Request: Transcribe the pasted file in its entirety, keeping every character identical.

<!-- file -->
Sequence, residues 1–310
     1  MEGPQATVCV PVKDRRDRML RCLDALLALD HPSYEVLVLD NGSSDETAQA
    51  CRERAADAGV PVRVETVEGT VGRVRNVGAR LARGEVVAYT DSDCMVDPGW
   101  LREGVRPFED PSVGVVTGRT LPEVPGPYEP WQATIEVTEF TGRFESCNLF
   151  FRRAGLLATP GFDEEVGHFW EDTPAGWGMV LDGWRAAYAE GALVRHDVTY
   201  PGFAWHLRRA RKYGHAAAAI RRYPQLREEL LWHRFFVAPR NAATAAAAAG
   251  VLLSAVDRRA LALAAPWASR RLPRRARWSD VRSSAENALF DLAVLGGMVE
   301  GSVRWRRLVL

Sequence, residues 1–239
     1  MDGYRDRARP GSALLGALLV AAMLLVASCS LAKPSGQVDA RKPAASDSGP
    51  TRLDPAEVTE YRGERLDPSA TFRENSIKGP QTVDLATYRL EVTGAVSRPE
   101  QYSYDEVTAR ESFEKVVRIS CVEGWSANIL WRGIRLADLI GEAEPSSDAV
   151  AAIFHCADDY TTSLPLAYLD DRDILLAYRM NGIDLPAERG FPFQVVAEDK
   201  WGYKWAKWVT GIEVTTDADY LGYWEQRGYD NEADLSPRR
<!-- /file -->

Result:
Sequence, residues 1–310
     1  MEGPQATVCV PVKDRRDRML RCLDALLALD HPSYEVLVLD NGSSDETAQA
    51  CRERAADAGV PVRVETVEGT VGRVRNVGAR LARGEVVAYT DSDCMVDPGW
   101  LREGVRPFED PSVGVVTGRT LPEVPGPYEP WQATIEVTEF TGRFESCNLF
   151  FRRAGLLATP GFDEEVGHFW EDTPAGWGMV LDGWRAAYAE GALVRHDVTY
   201  PGFAWHLRRA RKYGHAAAAI RRYPQLREEL LWHRFFVAPR NAATAAAAAG
   251  VLLSAVDRRA LALAAPWASR RLPRRARWSD VRSSAENALF DLAVLGGMVE
   301  GSVRWRRLVL

Sequence, residues 1–239
     1  MDGYRDRARP GSALLGALLV AAMLLVASCS LAKPSGQVDA RKPAASDSGP
    51  TRLDPAEVTE YRGERLDPSA TFRENSIKGP QTVDLATYRL EVTGAVSRPE
   101  QYSYDEVTAR ESFEKVVRIS CVEGWSANIL WRGIRLADLI GEAEPSSDAV
   151  AAIFHCADDY TTSLPLAYLD DRDILLAYRM NGIDLPAERG FPFQVVAEDK
   201  WGYKWAKWVT GIEVTTDADY LGYWEQRGYD NEADLSPRR